Because of my Ma, I’m now looking through old Bruce videos. Here’s one, circa 1984-85 when the E Street Band consisted of Nils, Roy, Danny, Patti, Gary, & Max. (There’s a guest spot from Little Steven, who’d left the band in ’84., as well as from Bruce’s 1st wife & his manager.)
This is my 2nd favorite song of all time, specifically this version from Martin Scorsese’s film The Last Waltz: “The Night They Drove Old Dixie Down.” I suppose it’s not a very politically correct song these days, especially if you think it’s a “message song,” but the Band were storytellers, and this is a great story, sung by the only Southerner in the group, rock’n’roll’s greatest drummer, the late Levon Helm. (The rest of the band were from Canada, including its songwriter, Robbie Robertson.)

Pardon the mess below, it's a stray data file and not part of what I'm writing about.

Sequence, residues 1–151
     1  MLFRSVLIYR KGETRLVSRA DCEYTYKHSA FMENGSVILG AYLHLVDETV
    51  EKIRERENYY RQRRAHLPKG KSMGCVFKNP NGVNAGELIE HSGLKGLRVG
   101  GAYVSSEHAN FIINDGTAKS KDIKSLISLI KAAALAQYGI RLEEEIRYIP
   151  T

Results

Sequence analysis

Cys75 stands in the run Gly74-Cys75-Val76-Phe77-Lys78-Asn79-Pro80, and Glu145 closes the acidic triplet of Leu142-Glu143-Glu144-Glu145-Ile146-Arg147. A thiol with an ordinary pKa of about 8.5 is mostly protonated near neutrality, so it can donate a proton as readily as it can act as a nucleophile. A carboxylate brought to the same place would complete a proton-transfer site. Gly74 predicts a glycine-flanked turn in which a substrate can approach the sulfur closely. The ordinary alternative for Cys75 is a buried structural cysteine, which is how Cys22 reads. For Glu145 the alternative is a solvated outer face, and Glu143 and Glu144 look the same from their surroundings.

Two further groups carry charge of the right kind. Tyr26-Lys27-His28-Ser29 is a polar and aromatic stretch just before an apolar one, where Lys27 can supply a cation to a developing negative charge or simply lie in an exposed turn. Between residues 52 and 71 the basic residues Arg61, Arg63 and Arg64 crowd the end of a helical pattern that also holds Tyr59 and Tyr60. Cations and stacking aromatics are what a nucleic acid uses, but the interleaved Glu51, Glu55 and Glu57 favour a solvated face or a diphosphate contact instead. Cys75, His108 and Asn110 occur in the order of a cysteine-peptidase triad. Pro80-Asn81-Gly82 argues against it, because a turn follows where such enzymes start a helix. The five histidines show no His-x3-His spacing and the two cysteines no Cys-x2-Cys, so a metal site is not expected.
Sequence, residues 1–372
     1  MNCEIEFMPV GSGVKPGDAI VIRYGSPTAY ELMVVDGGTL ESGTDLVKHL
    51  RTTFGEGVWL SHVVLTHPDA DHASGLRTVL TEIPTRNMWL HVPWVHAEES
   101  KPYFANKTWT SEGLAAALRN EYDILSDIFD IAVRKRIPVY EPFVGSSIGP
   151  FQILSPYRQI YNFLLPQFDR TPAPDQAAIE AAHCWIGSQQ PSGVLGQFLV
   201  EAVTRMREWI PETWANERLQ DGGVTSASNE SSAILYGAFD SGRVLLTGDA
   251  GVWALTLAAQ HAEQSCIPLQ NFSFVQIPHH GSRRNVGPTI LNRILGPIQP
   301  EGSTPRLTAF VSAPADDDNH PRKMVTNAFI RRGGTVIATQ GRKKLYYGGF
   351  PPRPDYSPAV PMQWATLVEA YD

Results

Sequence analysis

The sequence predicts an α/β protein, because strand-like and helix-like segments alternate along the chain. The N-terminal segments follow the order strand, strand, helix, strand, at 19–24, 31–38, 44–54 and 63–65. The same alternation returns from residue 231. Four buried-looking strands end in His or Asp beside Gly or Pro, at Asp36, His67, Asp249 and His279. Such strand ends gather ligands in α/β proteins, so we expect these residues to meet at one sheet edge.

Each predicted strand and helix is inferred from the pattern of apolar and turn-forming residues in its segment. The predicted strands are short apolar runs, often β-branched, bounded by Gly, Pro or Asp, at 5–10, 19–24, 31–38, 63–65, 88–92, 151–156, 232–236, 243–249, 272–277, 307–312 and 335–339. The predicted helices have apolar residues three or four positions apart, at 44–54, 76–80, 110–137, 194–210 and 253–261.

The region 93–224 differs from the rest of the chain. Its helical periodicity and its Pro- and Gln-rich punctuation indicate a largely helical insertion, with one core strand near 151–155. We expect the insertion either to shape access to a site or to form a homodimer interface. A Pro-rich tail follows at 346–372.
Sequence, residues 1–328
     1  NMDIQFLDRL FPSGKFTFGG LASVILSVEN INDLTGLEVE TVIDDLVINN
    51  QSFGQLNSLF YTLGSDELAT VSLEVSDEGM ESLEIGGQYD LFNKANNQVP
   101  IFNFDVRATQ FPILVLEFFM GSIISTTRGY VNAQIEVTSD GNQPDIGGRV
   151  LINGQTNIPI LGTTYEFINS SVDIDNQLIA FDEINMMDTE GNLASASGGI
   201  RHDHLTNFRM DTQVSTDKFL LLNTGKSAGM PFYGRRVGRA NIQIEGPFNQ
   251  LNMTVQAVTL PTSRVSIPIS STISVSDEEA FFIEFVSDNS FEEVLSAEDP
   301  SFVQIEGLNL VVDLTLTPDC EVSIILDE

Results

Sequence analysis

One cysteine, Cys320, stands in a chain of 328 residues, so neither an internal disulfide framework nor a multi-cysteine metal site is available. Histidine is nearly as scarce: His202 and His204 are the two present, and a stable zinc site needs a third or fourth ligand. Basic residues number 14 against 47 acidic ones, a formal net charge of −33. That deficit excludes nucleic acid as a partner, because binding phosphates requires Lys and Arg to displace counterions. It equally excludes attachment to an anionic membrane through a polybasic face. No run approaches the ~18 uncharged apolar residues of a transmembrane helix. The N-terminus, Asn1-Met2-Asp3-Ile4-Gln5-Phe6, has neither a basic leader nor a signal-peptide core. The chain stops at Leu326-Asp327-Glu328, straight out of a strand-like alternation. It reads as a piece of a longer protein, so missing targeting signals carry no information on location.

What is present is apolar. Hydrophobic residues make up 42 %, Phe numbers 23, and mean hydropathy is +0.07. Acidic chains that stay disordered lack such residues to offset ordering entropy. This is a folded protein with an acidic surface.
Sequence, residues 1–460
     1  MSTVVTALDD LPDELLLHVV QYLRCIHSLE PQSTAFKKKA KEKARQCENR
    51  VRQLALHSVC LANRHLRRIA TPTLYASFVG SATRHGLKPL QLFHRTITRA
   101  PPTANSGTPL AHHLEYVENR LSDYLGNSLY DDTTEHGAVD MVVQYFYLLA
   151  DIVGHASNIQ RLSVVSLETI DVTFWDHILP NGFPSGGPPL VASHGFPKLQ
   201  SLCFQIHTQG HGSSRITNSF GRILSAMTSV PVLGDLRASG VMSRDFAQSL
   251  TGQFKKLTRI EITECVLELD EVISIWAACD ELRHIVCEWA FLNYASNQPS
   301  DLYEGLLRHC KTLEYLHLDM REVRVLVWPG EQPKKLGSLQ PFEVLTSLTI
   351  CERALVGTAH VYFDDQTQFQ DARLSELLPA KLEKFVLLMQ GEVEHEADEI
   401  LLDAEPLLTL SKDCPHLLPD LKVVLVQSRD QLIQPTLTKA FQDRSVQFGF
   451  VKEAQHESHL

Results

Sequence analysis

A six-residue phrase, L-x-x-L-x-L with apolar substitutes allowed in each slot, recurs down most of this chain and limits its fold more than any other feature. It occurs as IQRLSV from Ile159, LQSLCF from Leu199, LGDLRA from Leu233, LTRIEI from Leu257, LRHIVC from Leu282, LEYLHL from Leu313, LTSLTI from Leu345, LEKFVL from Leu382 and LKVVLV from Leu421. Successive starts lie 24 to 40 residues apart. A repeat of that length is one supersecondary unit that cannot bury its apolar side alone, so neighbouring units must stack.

From the beginning of Martin Scorsese’s film on the original version of the Band’s farewell concert, The Last Waltz, here are the boys playing the last song of the night, a cover of Marvin Gaye’s “Don’t Do It.”
So, what did you do today?
The Rolling Stones have been part of my life since I was 12. That was when I lost my innocence: when I heard Mick bemoan his lack of satisfaction. And behind Mick’s bluesy bark and the push-pull of Keith & Brian (or Keith & Mick Taylor…or Keith & Ronnie) was the steady hand of Charlie Watts. Watch the concert videos, and it would appear the man is bored and barely playing, but close your eyes and listen to his jazz inflections, his anchored R&B rumble. Listen to how he follows Keith (rather than the other way around). Charlie was the bedrock of the Rolling Stones. It is a poorer world without him. Rest in peace, Charlie, one of the GREATEST drummers EVER.
Get well, Charlie.